A: Yes, but did you see how they gross? The only big [theatrically released] docu of the year was Inconvenient Truth. Nothing else made any money. I used to call it “festival frenzy.” I know it was a frenzy because I was caught up in it, too. At Sundance, they show the film, the audience stands up and applauds and you go, “I’ve got to have this film for HBO!” And then you take it back and look at it on a Sunday night and you say, “What was I thinking? What was the big deal?”
Q: Do you ever stipulate that a film can’t go theatrical?
A: I change my mind every morning. I believe that television is a great vehicle, and I have great respect for being an uninvited guest who suddenly becomes invited because of what he’s bringing as a house gift. I think television is theater, so when someone says they want their film to go theatrical, I say, “It is theatrical—it’s on television.” What could be more theatrical? You’ve got people sitting around; they’re turning the lights low, maybe. That’s the theater, right? I think everybody should have a dimmer and big screen.
Q: What trends do you see in documentaries today?
A: Well, there are more international documentaries. That’s because of 9/11. People are more interested in the world. Christiane Amanpour did very well with that Bin Laden show [CNN’s In the Footsteps of Bin Laden]. But on the other hand, if you do AIDS in Africa, no one’s interested.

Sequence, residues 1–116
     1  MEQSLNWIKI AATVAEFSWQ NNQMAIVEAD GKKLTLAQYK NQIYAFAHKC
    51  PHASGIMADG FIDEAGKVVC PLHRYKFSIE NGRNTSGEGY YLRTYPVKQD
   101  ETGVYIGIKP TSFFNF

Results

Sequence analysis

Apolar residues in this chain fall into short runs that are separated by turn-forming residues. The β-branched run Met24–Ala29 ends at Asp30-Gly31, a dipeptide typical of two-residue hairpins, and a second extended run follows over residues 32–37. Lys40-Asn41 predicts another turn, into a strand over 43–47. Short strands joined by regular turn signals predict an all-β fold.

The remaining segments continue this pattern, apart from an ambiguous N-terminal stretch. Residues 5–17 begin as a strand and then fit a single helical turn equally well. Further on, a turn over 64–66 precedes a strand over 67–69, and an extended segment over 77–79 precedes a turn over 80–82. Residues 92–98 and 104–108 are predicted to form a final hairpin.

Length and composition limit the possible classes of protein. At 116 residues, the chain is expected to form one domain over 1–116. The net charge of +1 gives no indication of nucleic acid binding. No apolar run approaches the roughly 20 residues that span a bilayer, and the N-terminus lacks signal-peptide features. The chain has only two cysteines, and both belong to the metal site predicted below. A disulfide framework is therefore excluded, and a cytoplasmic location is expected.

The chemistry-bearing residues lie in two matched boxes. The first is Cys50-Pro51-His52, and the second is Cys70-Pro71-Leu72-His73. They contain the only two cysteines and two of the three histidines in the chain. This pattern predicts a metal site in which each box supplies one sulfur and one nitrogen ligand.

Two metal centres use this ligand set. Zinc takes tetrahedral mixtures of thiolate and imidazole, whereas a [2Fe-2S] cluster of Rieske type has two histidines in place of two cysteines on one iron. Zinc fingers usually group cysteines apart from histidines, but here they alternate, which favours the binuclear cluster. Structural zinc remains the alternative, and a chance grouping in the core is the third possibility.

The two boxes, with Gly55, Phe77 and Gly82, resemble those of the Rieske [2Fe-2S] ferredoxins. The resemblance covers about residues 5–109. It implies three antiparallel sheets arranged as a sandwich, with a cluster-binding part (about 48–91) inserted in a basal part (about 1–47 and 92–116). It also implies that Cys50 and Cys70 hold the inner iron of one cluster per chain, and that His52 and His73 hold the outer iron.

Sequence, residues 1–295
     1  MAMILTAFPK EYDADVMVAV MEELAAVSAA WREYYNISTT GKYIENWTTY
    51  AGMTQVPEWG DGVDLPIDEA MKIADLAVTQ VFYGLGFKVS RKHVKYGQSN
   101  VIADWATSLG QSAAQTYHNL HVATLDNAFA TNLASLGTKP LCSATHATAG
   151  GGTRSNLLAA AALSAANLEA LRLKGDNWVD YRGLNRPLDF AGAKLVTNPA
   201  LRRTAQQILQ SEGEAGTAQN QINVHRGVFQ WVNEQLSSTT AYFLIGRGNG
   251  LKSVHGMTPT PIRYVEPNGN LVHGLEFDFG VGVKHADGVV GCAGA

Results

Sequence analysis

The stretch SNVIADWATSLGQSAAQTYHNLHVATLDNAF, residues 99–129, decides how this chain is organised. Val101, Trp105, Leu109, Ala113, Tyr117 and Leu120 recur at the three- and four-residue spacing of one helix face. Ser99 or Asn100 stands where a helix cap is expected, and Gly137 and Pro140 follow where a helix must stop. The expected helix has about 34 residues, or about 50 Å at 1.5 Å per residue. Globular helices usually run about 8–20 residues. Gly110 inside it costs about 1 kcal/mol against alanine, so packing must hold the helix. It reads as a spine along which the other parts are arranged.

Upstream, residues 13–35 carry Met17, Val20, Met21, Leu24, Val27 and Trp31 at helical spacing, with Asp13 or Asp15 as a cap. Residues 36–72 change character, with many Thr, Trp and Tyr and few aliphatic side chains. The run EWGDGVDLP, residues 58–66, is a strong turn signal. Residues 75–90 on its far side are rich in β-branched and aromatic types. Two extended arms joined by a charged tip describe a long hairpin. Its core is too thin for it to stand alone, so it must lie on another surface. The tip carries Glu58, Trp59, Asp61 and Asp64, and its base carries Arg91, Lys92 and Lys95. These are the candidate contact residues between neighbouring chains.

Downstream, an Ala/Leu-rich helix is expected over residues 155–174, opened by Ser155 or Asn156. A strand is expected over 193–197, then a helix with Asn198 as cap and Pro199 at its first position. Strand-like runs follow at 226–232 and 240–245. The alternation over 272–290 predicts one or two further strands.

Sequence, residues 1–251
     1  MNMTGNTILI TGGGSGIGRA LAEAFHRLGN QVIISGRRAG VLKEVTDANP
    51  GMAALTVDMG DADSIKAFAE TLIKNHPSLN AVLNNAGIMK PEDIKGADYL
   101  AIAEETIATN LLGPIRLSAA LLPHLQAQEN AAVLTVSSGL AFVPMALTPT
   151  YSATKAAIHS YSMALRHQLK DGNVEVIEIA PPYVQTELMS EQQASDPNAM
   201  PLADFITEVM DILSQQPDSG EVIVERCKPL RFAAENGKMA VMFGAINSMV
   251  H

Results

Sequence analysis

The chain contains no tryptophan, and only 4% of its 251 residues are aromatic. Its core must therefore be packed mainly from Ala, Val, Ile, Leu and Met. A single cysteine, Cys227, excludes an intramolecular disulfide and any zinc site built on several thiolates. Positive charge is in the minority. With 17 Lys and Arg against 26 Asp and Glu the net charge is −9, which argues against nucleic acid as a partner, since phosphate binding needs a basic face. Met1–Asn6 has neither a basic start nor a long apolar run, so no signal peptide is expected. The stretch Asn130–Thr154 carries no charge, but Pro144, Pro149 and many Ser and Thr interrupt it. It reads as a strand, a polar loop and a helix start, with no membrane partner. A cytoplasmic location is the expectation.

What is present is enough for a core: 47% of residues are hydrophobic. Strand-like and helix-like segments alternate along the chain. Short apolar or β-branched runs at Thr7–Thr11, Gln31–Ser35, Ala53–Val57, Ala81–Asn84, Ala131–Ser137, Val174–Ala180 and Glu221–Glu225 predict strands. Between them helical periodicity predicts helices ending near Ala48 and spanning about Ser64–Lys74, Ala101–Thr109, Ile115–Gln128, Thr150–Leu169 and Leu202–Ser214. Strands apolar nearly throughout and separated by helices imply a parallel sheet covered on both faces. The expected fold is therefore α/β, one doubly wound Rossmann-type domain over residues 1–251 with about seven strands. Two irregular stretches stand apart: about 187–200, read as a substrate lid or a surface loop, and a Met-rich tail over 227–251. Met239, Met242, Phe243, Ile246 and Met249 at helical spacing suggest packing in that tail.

Also, one-time filmmakers. Because of the technology, someone can make one film and never make another documentary again. They have no real aspiration to be a documentary filmmaker, but they needed that forum to tell one personal story. Because the technology is so reasonable, they can tell that one story. I see that more and more.
Q: How are the internet and digital downloading affecting your work?
A: Well, it affects me in that I try to look at the docu talent on it. But most of it is exploitative right now. It isn’t serious enough for me to grab from it. It seems to have found its form there, and will be a force, no question. Ultimately the television, computer—everything will be one thing. But it’s not the form that becomes dated, it’s what the form records. You have to make sure that what it’s recording is something of interest.